Many brand owners that we work with often wonder if it is necessary to do a trademark search before filing their trademark. If your goal is to create a long-lasting, stable brand for your goods or services, a trademark search is essential.

If you care about building a brand, a trademark search is not optional.

Why Do A Trademark Search?

If you want to take advantage of and protect the benefits that trademarks offer, a search is the foundation:

  • You want to know if the USPTO will reject your trademark. If your trademark is too similar to a previously-registered or pending trademark, the United States Patent & Trademark Office (USPTO) could reject your trademark. By doing a trademark search, you will learn if this outcome is likely.
  • You want to know if someone can cancel or oppose your trademark. Even if the USPTO allows your trademark, other trademark owners might take issue with your application if they believe that the mark you are trying to register is too close to their own. A cancellation or opposition proceeding can be expensive and disruptive, so it’s important to know if this is possible.
  • You don’t want to run into an infringement issue. In addition to problems with registration, you want to understand if there is any risk of trademark infringement liability.
  • You don’t want to rebrand later. Any of the issues above can cause problems with registration, but they also could raise the possibility that if there is a problem, that you would have to rebrand down the road. That means that investment in marketing and goodwill can disappear rather quickly.

What’s Involved In A Trademark Search?

Done properly, a trademark search will look for any trademarks that can cause problems. This means searching for problem marks in the federal USPTO database, in state trademark databases, and in corporate name databases. Any of those sources may reveal trademarks that have the potential to cause issues down the line.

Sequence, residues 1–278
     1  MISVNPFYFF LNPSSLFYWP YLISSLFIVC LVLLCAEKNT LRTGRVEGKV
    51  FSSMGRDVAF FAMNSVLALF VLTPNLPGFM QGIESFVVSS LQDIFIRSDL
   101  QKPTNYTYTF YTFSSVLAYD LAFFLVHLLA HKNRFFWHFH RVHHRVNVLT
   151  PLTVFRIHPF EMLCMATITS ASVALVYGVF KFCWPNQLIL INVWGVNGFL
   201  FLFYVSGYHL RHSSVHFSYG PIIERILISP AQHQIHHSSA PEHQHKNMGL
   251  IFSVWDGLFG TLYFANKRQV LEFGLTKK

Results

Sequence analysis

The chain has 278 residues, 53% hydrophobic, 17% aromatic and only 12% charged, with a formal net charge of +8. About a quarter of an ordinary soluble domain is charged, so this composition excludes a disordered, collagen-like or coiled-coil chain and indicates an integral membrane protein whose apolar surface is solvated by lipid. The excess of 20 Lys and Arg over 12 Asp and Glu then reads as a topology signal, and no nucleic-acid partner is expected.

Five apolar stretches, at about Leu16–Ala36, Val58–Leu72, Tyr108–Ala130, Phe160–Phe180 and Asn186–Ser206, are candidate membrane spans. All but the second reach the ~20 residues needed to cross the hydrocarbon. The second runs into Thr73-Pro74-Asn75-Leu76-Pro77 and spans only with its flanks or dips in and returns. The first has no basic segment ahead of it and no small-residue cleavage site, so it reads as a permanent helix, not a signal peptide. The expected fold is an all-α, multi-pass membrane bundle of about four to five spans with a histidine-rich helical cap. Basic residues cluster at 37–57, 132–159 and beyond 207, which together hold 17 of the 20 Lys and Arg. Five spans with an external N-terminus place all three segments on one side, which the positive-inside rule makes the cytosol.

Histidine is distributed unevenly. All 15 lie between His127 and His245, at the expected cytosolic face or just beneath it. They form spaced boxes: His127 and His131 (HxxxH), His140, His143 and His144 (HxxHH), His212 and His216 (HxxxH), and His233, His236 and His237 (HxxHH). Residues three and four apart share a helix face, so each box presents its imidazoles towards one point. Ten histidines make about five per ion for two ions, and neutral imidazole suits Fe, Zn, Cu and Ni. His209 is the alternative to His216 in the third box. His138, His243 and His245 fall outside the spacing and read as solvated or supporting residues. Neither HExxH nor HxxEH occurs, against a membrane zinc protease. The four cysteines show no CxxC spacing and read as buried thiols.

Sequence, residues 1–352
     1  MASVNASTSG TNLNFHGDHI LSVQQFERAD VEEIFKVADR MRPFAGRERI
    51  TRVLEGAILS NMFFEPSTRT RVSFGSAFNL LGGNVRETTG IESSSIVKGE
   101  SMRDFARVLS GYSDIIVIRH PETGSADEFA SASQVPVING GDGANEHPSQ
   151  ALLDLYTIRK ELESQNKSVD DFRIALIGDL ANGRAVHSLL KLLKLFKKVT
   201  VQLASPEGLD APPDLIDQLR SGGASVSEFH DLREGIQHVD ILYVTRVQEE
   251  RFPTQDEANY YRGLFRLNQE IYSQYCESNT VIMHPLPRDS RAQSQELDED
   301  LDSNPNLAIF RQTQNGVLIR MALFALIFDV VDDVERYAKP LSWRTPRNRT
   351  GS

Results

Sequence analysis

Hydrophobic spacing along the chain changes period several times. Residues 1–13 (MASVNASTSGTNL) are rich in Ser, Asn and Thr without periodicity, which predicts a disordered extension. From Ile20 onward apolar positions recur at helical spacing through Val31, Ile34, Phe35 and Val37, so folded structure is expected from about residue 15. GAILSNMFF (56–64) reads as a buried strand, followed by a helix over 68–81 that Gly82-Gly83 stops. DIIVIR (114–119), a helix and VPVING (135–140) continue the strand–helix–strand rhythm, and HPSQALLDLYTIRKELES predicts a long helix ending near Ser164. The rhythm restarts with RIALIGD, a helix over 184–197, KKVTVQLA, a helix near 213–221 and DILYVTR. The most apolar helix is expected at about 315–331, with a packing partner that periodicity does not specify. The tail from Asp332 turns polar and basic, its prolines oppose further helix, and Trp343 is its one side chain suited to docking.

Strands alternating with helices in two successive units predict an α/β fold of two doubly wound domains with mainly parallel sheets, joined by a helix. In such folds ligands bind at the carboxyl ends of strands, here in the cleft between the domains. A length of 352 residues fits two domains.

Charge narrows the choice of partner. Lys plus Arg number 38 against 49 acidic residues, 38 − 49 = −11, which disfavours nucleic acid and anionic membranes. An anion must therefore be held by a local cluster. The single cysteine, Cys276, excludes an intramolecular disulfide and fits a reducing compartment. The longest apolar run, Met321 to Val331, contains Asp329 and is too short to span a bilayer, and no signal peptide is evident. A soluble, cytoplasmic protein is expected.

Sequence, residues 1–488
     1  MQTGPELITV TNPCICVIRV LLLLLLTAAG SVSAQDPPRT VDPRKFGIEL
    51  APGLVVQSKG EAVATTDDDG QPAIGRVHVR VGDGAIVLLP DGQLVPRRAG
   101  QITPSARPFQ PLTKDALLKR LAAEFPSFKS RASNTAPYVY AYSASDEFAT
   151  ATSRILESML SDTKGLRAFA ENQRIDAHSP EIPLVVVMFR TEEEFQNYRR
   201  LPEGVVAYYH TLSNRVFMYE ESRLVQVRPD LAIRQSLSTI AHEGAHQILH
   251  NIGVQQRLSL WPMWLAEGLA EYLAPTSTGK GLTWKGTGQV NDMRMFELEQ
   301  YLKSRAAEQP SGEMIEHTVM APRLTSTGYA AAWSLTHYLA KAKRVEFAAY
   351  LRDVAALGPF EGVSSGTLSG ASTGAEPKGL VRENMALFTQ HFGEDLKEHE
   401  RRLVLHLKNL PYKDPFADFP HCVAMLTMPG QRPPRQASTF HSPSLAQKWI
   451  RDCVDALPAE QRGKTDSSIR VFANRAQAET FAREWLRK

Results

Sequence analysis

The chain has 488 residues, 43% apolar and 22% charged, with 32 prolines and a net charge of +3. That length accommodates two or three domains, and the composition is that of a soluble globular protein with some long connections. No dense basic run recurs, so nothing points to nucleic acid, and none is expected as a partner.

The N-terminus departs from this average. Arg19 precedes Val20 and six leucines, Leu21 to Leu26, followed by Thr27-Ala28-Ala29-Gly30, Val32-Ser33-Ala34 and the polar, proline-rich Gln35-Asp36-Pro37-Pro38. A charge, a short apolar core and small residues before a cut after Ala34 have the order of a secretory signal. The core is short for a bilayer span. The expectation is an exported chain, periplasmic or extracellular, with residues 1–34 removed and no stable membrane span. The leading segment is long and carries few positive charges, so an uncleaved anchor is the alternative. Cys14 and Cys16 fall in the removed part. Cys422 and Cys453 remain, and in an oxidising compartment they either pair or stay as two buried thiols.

It is important to note that it is not enough to search for the exact trademark that you want to register. That’s where a lot of people get it wrong. They search for their trademark – say, XYZ – and if they don’t find it in the USPTO database, then they think they are good to go (this simple search is called a “knockout search” and can help you screen for obvious issues).

A professional trademark search will search for variations in the trademark, too. That is because trademarks that are likely to confuse consumers can cause problems, whether that means trouble getting a registration or facing an infringement lawsuit. In our example, if a mark similar to XYZ (say CYZ or XYZZ) is found, then the owner of that mark might have a basis for legal action.

A professional trademark search involves not just looking for the mark in question, but also potentially confusing trademarks. And this is typically something that will be best be done by a trademark attorney who knows how to properly analyze whether a given mark would be deemed confusing (ps: DIY services like LegalZoom generally do not do comprehensive trademark searches).


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